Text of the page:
• (EF-40) Extremely Fine – Gently used; all gadgets are visible, and the most important ones are bold. The finer details are bold and clear, however, light wear may be seen.
      • (AU-50) Uncirculated – Slight evidence of wear on the coin’s design’s high points; may have contact marks; eye appeal should be adequate.
      • (AU-58) Uncirculated Choice – Slight traces of wear, no severe contact marks, almost full mint shine, and great eye appeal.
      • (MS-60) Mint State Basal – Strictly uncirculated; no indication of wear on the coin’s highest points, but an unsightly coin with reduced luster, visible contact marks, hairlines, and other flaws.
      • (MS-63) Mint State Acceptable – Uncirculated, but with contact scratches and nicks, little reduced shine, but otherwise appealing appearance. The strike is weak to average.
      • (MS-65) Mint State Choice – Uncirculated with great mint shine, very little contact blemishes, and exceptional eye appeal. The strike is unusually severe.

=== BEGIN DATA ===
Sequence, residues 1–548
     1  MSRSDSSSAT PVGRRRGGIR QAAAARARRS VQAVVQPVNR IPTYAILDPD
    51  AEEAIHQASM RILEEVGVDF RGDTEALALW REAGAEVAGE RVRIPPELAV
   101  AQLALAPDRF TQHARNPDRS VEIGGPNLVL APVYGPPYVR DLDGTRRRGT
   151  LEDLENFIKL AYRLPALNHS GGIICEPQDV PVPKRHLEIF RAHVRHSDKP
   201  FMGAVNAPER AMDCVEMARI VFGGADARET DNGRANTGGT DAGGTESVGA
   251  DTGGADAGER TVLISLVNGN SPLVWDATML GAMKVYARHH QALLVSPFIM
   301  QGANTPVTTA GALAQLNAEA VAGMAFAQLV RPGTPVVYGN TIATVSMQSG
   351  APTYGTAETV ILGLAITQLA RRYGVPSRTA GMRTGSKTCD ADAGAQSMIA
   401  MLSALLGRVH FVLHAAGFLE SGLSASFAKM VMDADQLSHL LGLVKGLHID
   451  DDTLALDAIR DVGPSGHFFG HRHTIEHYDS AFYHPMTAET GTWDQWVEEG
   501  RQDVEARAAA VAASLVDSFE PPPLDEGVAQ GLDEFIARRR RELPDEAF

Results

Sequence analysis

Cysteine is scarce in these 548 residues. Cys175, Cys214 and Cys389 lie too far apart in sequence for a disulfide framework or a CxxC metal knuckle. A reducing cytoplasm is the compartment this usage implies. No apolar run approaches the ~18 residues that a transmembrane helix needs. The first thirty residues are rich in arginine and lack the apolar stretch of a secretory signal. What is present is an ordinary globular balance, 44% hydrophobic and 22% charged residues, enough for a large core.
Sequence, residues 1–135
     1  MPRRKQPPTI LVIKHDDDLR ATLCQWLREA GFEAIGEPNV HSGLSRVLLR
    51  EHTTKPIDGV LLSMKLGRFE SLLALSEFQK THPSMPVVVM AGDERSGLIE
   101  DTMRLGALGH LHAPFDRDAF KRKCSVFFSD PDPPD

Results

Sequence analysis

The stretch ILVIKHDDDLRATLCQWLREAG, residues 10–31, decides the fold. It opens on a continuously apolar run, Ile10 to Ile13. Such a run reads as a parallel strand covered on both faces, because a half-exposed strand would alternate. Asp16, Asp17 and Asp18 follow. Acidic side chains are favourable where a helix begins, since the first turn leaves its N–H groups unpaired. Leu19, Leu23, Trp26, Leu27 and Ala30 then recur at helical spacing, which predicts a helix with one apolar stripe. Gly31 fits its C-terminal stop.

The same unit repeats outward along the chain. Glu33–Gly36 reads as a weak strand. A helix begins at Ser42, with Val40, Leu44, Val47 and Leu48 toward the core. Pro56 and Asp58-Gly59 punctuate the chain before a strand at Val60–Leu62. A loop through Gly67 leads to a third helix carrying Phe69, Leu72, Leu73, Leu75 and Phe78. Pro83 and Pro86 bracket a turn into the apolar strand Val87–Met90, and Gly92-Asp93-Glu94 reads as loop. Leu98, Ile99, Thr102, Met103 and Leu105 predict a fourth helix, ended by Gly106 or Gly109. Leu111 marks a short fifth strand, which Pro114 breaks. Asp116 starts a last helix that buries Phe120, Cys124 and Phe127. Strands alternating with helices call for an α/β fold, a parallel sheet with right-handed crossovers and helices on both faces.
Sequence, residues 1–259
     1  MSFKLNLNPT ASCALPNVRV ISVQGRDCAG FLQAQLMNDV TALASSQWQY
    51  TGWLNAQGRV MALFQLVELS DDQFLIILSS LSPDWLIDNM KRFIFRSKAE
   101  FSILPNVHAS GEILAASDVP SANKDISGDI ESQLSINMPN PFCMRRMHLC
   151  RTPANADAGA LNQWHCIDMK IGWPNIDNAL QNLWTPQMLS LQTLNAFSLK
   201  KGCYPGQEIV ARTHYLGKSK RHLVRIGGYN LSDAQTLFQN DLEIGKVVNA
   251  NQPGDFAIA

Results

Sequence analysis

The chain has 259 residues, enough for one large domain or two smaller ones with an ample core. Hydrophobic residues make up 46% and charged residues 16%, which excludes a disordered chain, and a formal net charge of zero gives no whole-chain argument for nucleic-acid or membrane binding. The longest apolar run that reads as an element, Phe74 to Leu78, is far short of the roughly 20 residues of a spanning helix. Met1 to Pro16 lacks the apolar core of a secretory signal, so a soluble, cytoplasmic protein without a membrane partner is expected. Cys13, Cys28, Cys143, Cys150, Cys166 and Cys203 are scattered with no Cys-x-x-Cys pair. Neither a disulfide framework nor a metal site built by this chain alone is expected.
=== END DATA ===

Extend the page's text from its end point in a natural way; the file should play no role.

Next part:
• (MS-68) Mint State Premium Quality – Uncirculated with superb luster, no obvious contact marks to the naked eye, and exceptional eye appeal. The strike is quick and appealing.
      • (MS-69) Almost Perfect Mint State – Uncirculated with perfect brilliance, a sharp and appealing strike, and extremely good eye appeal. A near-perfect coin with minor imperfections in the planchet, strike, and contact markings (seen only under 8x magnification).
      • (MS-70) Mint State Perfect – Under 8x magnification, there are no tiny imperfections discernible; the strike is crisp, and the coin is perfectly centered on a beautiful planchet. Rarely seen on a coin, this coin is bright and whole, with original luster and exceptional eye appeal.

Where To Buy Or Sell 1955 Lincoln Wheat Penny?